I love skies. I find them easy to paint for the most part. And I love water. I enjoy painting water as well and usually I’m happy with the way it turns out. It’s all the “tidily bits” (as Dr. Who would say) in between I have trouble with… you know…the rest of the earth. Trees in particular give me grief. I’ve been in regions where there is a lack of trees, desert areas, new subdivisions, and I definitely prefer trees.
Without leaves they are very spikey and linear as opposed to the rest of my painting, which is more massive shapes. With leaves they can be frilly if I look too closely. They can be very GREEN for much of the year. I like the palm trees of the warmer states, with their huge fronds, tall thin trunks, and separateness.
So I here I put them in and take them out and try again and scape them out and just keep painting. Finally I am happy. “Sunset on the River” 8×10″ acrylic on gessobord panel, unframed, available for $100 via http://www.dailypaintworks.com/fineart/andrea-jeris/sunset-on-the-river/397447
Every Spring I have so much anticipation when my peonies start coming up, and this year they were so big! There were so many buds! It was going to be a bumper crop. When I first moved into this house these plants were on the side of the house. I immediately moved them to the back of the deck so I could see them every day. Some are pink and some are white with a blush of yellow-pink.
Then they burst into bloom and they are gorgeous! And the fragrance is more wonderful than any perfume you can buy. I took lots of photos (which means lots of paintings).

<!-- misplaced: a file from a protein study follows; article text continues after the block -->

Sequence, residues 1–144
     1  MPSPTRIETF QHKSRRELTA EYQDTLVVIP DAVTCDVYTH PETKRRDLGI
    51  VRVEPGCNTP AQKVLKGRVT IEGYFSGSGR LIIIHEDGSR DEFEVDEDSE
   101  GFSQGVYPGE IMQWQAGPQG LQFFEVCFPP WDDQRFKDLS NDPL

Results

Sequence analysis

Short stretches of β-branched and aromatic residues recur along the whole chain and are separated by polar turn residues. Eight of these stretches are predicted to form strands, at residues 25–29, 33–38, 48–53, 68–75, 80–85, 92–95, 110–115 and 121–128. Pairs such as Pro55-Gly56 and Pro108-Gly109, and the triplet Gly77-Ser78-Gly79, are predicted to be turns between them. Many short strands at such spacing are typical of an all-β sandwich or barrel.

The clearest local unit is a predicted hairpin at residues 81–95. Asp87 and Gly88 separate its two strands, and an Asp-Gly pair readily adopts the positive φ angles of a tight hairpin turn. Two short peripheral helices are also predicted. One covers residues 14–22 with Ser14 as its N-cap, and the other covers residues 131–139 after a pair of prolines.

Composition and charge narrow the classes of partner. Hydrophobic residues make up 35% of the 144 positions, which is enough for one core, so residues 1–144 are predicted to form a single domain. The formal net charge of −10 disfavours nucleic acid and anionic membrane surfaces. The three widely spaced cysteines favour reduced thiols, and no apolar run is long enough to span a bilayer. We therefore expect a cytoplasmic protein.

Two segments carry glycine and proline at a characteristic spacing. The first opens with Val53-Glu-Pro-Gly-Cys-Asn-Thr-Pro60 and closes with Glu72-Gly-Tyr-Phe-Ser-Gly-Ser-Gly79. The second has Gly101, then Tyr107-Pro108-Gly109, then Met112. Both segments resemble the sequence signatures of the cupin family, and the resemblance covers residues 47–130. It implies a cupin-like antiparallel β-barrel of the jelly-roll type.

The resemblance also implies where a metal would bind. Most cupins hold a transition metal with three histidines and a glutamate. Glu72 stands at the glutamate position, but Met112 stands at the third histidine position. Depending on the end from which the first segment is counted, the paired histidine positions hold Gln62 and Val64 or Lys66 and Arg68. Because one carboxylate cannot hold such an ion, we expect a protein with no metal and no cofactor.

Then a heavy rainfall overnight and alas, they lie limp and wet, too heavy with rain to get up again.
This painting, 8×10″ acrylic on Gessobord panel, is available for $95. http://www.dailypaintworks.com/fineart/andrea-jeris/pink-peonies/392069
Doesn’t this remind you of something? I’m just saying.
Painting every day has great benefits. It improves my painting for one. It’s a great habit and feels good like any regular exercise, and I miss it if I miss a day. Completing a daily painting gives a sense of accomplishment too, which feels good—if it doesn’t get washed down the drain. Not every painting is a keeper after all.
Sometimes the daily paintings make it hard to find time to work on larger paintings, which all of a sudden seem like an enormous task. But so it goes and I have started an 18×24″ for an upcoming show. Shows are great for goal setting.
Some artists start with the darks. Some work back to front. Some paint alla prima (wet-on-wet). Others paint in layers waiting for each layer to dry. I’ve learned all of this and tried all of this and I don’t think about any of it any more.
I get in a zone where I don’t think, I just do. I’m sure all those things I learned come through when I need them (or not). I just keep painting ’til I’m happy with it.
Here’s what I’m working on. I love the way glass and light react and dance with each other. So I’m looking at these bottles with sunlight reflecting and passing through and how it happens. Here we go…
Here’s the drawing and transfer to the canvas.
I decided to paint the first 2 bottles in their complementary colors. They will eventually be green.